Wednesday, June 8, 2011

Bachman's Sparrows at Babcock-Webb

Tuesday, May 24th

Arrived a bit late to caught the Red-cockaded Woodpecker, in their roosting holes, but made up for it with several easily found Bachman's Sparrows.  In the area just beyond the firing range, along Truckers Grade I located four singing sparrows. The males will sit on lower limbs of the pine trees and sing in the early morning hours, making them much easier to locate.  That is until the nesting season is over and the sparrows returning to their skulking ways. Other birds located in this open pine land environment included Eastern Bluebirds, Eastern Towhee, Northern Mockingbirds, Pine Warblers, Northern Cardinals and calling Northern Bobwhites.

Red-cockaded Woodpecker
Spent about four hours exploring the Babcock-Webb's roads for more species. I missed on the brown-headed nuthatch, but did find a Red-cockaded Woodpecker later in the day along with locating Red-bellied Woodpeckers, Downy Woodpeckers, Brown Thrashers, both Grackles, Common Yellowthroat, Red-wing Blackbirds, Great Crested flycatcher and Eastern Meadowlark. Had hoped to relocate a kestrel I had observed all winter in a particular tree, but could find it today. If it had been of the Southeastern subspecies, it may have stuck around. Was able to add a couple of Swallow-tailed Kites, but saw fewer wading birds than usual. No doubt due to the shrink water levels.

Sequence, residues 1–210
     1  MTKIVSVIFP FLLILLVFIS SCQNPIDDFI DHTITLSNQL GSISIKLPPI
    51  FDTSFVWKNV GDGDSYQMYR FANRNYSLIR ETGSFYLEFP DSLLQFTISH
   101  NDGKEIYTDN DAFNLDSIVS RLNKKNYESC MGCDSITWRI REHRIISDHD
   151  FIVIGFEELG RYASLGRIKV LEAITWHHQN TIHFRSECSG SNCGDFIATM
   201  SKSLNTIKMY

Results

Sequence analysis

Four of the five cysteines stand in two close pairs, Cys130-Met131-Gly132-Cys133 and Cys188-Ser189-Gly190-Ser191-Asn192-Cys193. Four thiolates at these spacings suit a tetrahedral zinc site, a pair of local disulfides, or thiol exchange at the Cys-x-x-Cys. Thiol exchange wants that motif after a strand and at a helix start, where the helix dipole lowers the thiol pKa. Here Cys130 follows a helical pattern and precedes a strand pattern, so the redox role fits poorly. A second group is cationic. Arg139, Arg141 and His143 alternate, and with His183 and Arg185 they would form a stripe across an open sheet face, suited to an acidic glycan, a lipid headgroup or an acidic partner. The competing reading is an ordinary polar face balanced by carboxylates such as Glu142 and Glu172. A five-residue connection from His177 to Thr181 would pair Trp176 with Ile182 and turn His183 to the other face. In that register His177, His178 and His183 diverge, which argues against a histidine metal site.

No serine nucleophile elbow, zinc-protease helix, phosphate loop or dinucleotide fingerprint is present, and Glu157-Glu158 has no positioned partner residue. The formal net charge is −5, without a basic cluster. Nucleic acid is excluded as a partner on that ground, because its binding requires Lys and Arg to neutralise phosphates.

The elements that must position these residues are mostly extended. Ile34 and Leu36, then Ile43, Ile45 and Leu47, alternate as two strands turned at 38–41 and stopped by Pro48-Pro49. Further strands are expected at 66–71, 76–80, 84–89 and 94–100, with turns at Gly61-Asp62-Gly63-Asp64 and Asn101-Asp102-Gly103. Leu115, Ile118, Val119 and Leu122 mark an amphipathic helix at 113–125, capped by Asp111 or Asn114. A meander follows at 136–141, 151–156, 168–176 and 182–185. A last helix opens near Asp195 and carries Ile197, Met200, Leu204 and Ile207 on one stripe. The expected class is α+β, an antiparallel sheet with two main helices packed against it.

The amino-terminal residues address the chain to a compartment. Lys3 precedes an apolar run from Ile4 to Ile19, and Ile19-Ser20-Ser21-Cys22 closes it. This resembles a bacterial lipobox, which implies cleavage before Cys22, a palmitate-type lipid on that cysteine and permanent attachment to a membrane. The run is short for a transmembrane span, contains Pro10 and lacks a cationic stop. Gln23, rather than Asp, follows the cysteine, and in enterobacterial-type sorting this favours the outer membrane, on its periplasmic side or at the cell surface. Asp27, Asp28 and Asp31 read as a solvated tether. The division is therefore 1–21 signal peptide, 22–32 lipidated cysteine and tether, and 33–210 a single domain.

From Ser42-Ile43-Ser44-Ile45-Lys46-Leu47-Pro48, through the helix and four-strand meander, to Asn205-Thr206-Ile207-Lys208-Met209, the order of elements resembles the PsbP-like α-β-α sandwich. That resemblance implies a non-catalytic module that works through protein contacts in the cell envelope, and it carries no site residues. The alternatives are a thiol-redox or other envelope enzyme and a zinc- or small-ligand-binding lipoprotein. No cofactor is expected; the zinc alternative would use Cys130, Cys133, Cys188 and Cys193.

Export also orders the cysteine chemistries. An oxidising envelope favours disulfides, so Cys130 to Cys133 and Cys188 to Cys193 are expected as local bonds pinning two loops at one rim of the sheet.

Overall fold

On the way home I drove through the north side of Cape Coral to location  Florida Scrub Jays. Was able to add a pair of jays, plus several Eastern Meadowlarks, more Northern Mockingbirds, Killdeer, Eurasian Collared Doves, regular Blue Jays, a soaring  Red-tailed Hawk and another Swallow-tailed Kite

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